Perhaps the most embraced international cuisine in New York City, Middle Eastern fare has become as quintessential to New York as coffee and—dare we say?—pizza. While there’s no shortage of Middle Eastern and Mediterranean eateries in the city, only a select few boast flavors worthy of Armenian appetites. From traditional Armenian eateries to fusion restaurants, here are the best spots to enjoy Armenian food in New York City.
Restaurant, Middle Eastern, $$$
Balade | Courtesy of Balade
Lebanese fare may be the focus of East Village hot spot Balade, but it’s the menu’s Armenian offerings that often steal the spotlight. Here, juicy soujouk is simply sautéed with fresh olive oil and tomatoes, while the restaurant’s more health-conscious consumers often savor the salty laban ayran. Whether you’re familiar with or foreign to Middle Eastern cuisine, you’re sure to enjoy this upscale establishment serving up home-style cooking.
When the shawarma cart just won’t cut it, upscale Middle Eastern and “New American” eatery Boutros is here to satisfy your craving for elevated foreign fare. Riffs on the familiar, such as soujouk-fried rice, kale tabouleh, and avocado hummus toast, reign supreme at this foodie destination in Brooklyn’s Cobble Hill.
At Lebanese-Armenian restaurant Almayass NYC, understated opulence is what’s on the menu. Here, discerning diners can enjoy traditional manti, sweet and sour ground beef, andArmenian pastrami canapés served with fried quail eggs in an upscale environment ideal for celebrations and special occasions. While this high-end foodie favorite is a worthy destination any time of year, Almayass offers unmissable specials during the famous NYC Restaurant Week®.
When self-taught chef Rawia Bishara set out to share her home cooking with New York restaurant goers, she captured attention (and appetites) with her uniquely fluid approach to “Middle Eastern home-style cooking” and Mediterranean flavors. At Tanoreen, hungry Brooklynites dig into hot dried Armenian sausage, whole-fried red snapper with tahini-parsley sauce, herbed fatoush salad, and much more.
For your next celebratory event—or a meal worth celebrating—look no further than Sevan Restaurant & Catering, a multi-functional restaurant, event space, and Armenian grocer in Queens. Equipped with an elaborately outfitted banquet hall and outdoor patio, it’s Sevan’s menu that will captivate your eye the most. Armenian beers, simple pilaf, and kebab platters featuring grilled meats, onions, and peppers make every outing feel like a special occasion.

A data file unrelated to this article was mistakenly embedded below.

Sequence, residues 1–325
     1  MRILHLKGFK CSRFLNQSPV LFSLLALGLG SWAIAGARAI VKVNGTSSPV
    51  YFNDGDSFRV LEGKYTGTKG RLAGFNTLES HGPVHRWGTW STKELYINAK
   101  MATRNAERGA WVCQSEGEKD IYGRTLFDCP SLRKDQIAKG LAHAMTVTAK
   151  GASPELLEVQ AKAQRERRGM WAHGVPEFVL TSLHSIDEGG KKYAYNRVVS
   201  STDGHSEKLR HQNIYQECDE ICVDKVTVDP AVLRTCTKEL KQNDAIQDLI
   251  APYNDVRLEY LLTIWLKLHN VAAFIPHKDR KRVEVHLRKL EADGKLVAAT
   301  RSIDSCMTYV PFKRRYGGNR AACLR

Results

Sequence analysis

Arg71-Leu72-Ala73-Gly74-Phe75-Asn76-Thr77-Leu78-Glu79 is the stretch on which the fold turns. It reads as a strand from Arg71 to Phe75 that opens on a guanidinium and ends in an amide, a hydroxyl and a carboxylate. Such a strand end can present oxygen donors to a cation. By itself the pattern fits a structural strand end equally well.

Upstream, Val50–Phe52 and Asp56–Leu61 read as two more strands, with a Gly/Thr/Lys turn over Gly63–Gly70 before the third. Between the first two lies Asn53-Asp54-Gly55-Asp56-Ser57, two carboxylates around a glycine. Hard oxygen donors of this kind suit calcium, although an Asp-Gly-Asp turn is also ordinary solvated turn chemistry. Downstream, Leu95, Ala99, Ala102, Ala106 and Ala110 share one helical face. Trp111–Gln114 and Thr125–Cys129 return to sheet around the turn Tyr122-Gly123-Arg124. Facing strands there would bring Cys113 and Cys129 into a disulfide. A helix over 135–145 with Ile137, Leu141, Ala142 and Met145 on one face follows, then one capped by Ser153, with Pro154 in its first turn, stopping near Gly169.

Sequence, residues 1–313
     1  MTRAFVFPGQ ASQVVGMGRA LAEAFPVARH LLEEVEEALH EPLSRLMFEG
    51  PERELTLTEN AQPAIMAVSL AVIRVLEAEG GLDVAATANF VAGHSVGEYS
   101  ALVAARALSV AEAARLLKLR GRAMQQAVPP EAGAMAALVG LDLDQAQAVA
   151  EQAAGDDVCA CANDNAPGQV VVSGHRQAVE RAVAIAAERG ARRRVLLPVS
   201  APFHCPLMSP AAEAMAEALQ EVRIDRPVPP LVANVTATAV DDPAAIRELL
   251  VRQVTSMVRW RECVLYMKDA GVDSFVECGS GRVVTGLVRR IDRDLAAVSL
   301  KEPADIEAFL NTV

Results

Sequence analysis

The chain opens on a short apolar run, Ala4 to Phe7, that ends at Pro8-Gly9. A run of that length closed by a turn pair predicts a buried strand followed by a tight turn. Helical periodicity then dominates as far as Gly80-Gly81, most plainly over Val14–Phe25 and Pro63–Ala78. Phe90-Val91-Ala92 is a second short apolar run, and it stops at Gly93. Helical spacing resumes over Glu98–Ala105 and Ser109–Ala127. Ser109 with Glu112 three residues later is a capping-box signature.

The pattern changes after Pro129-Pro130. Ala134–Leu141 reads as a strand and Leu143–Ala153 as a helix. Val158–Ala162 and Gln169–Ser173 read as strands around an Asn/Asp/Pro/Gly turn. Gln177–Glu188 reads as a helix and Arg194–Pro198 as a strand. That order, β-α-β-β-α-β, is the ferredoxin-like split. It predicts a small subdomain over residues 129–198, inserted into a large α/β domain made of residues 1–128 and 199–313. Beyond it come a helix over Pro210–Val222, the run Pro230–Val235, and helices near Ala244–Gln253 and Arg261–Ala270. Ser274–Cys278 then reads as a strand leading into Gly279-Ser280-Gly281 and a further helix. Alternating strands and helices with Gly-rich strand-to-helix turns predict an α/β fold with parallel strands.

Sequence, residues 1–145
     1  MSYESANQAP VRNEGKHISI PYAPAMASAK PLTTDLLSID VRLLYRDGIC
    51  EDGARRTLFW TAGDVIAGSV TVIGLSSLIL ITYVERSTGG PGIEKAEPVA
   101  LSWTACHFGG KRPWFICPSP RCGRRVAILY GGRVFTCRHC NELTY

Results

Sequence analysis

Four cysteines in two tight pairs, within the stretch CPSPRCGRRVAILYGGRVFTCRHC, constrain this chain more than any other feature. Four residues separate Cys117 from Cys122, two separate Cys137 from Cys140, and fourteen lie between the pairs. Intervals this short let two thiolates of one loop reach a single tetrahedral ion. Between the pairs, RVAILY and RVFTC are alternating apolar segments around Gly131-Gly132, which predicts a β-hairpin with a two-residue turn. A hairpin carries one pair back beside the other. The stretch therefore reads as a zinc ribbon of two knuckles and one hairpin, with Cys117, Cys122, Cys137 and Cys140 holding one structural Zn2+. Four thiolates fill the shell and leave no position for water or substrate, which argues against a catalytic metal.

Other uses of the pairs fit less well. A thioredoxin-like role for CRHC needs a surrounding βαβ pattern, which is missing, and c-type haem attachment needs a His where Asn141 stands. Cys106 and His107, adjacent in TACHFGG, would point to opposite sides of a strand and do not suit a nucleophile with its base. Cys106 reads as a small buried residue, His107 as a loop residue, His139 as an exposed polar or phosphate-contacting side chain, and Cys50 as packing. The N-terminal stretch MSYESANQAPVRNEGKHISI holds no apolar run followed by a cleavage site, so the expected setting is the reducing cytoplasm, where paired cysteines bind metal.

You’re going to want to linger over the menu at this fast-casual eatery, where modern Middle Eastern fare is served for a steal. BLT sandwiches made with Armenian dried beef, kufta with tabouleh chimichurri, and spicy hummus are just a sampling of the offerings at the Lower East Side’s Mazeish Grill.
Are you looking for your next date night destination? Your search ends at Au Za’atar, a Lebanese wine bar dishing out flavorful Middle Eastern cuisine and wine in a romantic setting. Lovebirds flock to this Alphabet City spot to share mixed kafta platters,house-made Armenian sausages, falafel salad, and more. With candle lighting and an extensive selection of Lebanese craft beers and wine, Au Za’atar keeps good vibes flowing.
Enjoy Middle Eastern mezze at its best at Ilili, a Lebanese eatery cooking up “inspired Mediterranean cuisine.” Hummus topped with Armenian pastrami, traditional manti, and fried falafelare a few of the many dishes at Ilili that are sure to inspire its diners.
Specializing in what it refers to as “Mediterranean goodness,” Nanoosh may surprise Armenian eaters with wholesome fare that would be at home in any Middle Eastern kitchen. Hearty lentil soup, baked falafel with hummus, and fresh-made labne, or Mediterranean and Middle Eastern yogurt cheese, are all on Nanoosh’s menu of cross-cultural cuisine. There are various locations throughout NYC.
Cooking up Middle Eastern mezze staples, casual eatery Tutt Café is the locals’ pick for an affordable feast. Dig into Armenian stuffed grape leaves, tabouleh, and even Middle Eastern pizza topped with ground lamb, onions, and parsley. While Tutt’s bright environment makes dining in an appealing option, the café’s proximity to Brooklyn’s East River is perfect for picnickers.